For art lovers, the most interesting thing in Austin, Texas, is not the LBJ Presidential Library or the grandiose State House–impressive as both of them are–but the Jack S. Blanton Museum of Art on the campus of the University of Texas. A fine example of a university or college museum, it has strong collections of American and Latin American art, as well modern and contemporary. But what raises the Blanton far above most good university museums is its collection of Old Master paintings. What is so special about these works is that they come almost entirely from a single source, the famed Suida-Manning Collection, which the university acquired nearly intact in 1998 and around which it built the stylish Blanton Museum, which opened its doors in 2004.
Above: Saint Cecilia by Simon Vouet, c. 1626. Oil on canvas. The Blanton Museum of Art, University of Texas, the Suida-Manning Collection, 1999.
What is so special about the Suida-Manning Collection, relative to most other important collections of Old Master painting, is that it was assembled, not by potentates and merchant princes, like the Pitti Palace in Florence or the Frick in New York, but by a family of art historians who, over the first three quarters of the 20th Century, purchased the art that they were studying, as they were studying it. These collectors were Wilhelm Suida (1877-1959), his daughter Bertina Manning (1922-1992) and his son-in law Robert Manning (1924-1996), a native Texan.
At the time when Suida began to collect, around 1900, it was still possible to purchase fine old paintings for relatively little, especially since his collecting tended to focus on such obscure corners of the 15th and 16th centuries as Genoa and Milan. When his daughter and son-in-law inherited the collection, they continued to collect in these areas, but also looked further afield to France and to the Baroque and after.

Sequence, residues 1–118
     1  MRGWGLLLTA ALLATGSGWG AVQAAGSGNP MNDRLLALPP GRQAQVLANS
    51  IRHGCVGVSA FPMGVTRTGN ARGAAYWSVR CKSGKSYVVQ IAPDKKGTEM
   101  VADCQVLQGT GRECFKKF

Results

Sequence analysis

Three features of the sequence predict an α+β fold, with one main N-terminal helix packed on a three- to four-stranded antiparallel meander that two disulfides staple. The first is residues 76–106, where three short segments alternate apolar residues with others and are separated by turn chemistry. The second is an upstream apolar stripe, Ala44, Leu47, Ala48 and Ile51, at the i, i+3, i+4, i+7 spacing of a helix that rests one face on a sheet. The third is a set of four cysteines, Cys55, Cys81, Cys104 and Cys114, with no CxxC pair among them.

The result is a collection that includes what is surely the finest group of works by Luca Cambiaso, the eminent mannerist painter, outside of his native Genoa, not to mention notable pieces by Bernardo Butinone, Jacopo Bassano, Guercino and Simon Vouet. In all, the collection comprises 240 painting and 390 drawings. By this one acquisition of the Suida-Manning collection, the University of Texas was transformed overnight into one of the essential pilgrimages for any serious student of Old Master painting.
As heir of Robert and Bertina Manning, Alessandra Manning Dolnier received many solicitations to sell the collection off at auction and she would doubtless have reaped a fortune for doing so. Instead she bided her time and looked around for an institution that would be willing to accept the collection as a whole, through a combination purchase and gift. In the event, Ms. Dolnier’s forbearance has paid off spectacularly through the establishment of an inspiring monument to her parents and her grandfather, as well as an important addition to the cultural life, not only of Austin, but of the nation as a whole.